Influenza Vaccination Information for Health Care Workers
On This Page
- Did You Know?
- Why Get Vaccinated?
- How Many Health Care Workers Got Vaccinated Last Season?
- Influenza (Flu) Facts
- Flu Vaccine Facts
- Who is recommended for vaccination?
- Who shouldn't be vaccinated?
- What kinds of seasonal flu vaccines are available?
- How do flu vaccines work?
- What viruses does the 2018-2019 vaccine provide protection against?
- If I got vaccinated during the 2017-2018 season, do I need to get vaccinated this season?
- When should I get vaccinated?
- What is CDC’s position on mandating flu vaccination for health care workers?
- Egg Allergy
- More Information
- CDC, the Advisory Committee on Immunization Practices (ACIP), and the Healthcare Infection Control Practices Advisory Committee (HICPAC) recommend that all U.S. health care workers get vaccinated annually against influenza.
- Health care workers include (but are not limited to) physicians, nurses, nursing assistants, therapists, technicians, emergency medical service personnel, dental personnel, pharmacists, laboratory personnel, autopsy personnel, students and trainees, contractual staff not employed by the health-care facility, and persons (e.g., clerical, dietary, housekeeping, laundry, security, maintenance, administrative, billing, and volunteers) not directly involved in patient care but potentially exposed to infectious agents that can be transmitted to and from health care workers and patients.
- Influenza (flu) can be a serious disease that can lead to hospitalization and sometimes even death. Anyone can get very sick from flu, including people who are otherwise healthy.
- You can get flu from patients and coworkers who are sick with flu.
- If you get the flu, you can spread it to others even if you don’t feel sick.
- By getting vaccinated, you help protect yourself, your family, and your patients.
- 2017–18 flu vaccination coverage among health care personnel (HCP) was 78.4%, similar to coverage during the 2016–17 season (78.6%).
- By occupation, flu vaccination coverage was highest among physicians (96.1%), pharmacists (92.2%), nurses (90.5%), and nurse practitioners and physician assistants (87.8%)
- Flu vaccination coverage was lowest among other clinical health care personnel (80.9%), assistants and aides (71.1%), and nonclinical health care personnel (72.8%).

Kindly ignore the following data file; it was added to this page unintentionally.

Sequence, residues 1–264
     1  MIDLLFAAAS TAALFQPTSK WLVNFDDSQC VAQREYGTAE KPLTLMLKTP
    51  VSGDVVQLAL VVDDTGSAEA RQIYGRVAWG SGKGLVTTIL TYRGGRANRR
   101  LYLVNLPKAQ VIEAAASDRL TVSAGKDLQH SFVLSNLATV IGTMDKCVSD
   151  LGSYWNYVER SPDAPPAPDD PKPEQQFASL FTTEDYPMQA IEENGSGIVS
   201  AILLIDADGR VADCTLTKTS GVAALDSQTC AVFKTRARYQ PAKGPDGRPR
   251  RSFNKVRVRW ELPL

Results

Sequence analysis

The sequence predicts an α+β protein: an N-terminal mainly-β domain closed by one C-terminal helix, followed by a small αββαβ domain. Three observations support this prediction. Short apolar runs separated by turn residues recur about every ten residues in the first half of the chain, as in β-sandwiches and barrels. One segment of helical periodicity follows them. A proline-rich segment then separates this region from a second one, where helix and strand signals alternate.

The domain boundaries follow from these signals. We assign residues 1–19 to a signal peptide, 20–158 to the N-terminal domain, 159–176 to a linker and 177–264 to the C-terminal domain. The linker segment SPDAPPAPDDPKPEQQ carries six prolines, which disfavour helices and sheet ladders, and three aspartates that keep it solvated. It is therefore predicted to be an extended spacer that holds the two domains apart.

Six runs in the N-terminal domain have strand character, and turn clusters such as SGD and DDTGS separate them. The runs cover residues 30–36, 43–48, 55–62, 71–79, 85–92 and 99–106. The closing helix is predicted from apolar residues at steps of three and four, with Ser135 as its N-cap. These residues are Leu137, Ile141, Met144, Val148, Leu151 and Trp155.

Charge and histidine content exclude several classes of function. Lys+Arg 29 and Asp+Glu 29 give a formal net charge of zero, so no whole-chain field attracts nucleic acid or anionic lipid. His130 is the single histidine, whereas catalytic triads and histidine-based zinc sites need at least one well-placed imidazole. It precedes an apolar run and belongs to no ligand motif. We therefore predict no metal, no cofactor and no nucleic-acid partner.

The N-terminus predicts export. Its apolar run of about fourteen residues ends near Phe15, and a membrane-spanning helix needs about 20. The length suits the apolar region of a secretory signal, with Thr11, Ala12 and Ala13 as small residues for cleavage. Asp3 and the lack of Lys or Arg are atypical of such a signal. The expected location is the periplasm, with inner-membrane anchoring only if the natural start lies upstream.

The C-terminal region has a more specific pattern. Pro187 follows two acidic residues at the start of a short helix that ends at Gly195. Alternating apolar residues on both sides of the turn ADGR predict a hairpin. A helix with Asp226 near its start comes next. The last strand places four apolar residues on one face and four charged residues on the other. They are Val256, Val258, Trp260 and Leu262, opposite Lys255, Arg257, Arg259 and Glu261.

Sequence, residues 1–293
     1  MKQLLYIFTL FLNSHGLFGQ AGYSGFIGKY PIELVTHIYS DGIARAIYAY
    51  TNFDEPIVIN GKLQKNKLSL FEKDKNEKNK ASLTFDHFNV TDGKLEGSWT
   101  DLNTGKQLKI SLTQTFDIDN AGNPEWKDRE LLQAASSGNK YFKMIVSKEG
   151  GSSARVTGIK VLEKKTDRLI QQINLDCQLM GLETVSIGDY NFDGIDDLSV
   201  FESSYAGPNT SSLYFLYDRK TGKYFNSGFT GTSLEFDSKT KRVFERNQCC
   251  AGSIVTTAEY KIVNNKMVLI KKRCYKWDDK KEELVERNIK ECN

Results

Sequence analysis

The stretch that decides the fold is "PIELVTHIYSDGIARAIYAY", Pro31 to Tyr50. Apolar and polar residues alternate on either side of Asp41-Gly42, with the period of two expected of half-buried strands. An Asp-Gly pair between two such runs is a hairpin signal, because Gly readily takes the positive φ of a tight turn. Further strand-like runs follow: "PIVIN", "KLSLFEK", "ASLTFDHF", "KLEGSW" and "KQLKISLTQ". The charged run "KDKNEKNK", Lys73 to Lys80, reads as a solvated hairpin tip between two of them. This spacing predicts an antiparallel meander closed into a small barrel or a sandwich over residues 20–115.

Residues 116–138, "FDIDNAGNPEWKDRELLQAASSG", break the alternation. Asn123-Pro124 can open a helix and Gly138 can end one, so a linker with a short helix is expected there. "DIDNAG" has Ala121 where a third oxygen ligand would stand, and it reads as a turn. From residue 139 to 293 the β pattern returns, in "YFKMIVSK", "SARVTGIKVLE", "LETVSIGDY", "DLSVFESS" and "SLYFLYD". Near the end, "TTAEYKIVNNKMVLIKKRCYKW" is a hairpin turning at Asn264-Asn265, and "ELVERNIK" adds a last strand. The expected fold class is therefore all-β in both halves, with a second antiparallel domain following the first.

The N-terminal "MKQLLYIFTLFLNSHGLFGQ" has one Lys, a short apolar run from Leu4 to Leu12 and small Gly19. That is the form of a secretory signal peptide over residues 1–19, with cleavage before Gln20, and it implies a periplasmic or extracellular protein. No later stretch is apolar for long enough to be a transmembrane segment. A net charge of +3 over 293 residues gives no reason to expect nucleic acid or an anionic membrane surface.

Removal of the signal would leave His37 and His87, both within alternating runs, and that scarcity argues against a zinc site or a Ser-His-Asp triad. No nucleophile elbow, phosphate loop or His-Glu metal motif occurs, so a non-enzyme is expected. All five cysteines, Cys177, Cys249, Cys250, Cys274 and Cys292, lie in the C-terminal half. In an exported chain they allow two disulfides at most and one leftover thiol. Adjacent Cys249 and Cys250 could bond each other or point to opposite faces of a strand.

- By work setting, flu vaccination coverage was highest among HCP working in hospitals (91.9%).
- Flu vaccination coverage continues to be lower among HCP working in long-term care (LTC) settings (67.4%) compared with those working in hospitals and ambulatory settings (75.1%).
- Vaccination coverage was highest (94.8%) among health care personnel working in settings where vaccination was required. Among health care personnel whose employers did not have a requirement for vaccination coverage was higher among those who worked in locations where vaccination was offered at the worksite at no cost for 1 day only (70.4%) or >1 day (76.0%) or who worked in locations where their employer did not provide influenza vaccination on-site at no cost but actively promoted vaccination through other mechanisms (75.1%) compared with that among health care personnel working in locations where employers did not have any vaccination-related requirements or provisions (47.6%).
- Among unvaccinated health care personnel surveyed early in the 2017-18 flu season who did not intend to get a flu vaccination during the flu season, the most common reason reported for not getting vaccinated was fear of experiencing side effects or getting sick from the vaccine (22.1%).
- Visit Influenza Vaccination Coverage Among Health Care Personnel — United States, 2017–18 Influenza Season for more information.
- Visit A Toolkit for Long-term Care Employers: Increasing Influenza Vaccination among Healthcare Personnel in Long-term Care Settings.
- People with flu can spread it to others. Influenza viruses are spread mainly by droplets made when people with flu cough, sneeze or talk. These droplets can land in the mouths or noses of people who are up to about 6 feet away or possibly be inhaled into the lungs. Less often, a person might get flu by touching a surface or object that has flu virus on it and then touching their own mouth or nose.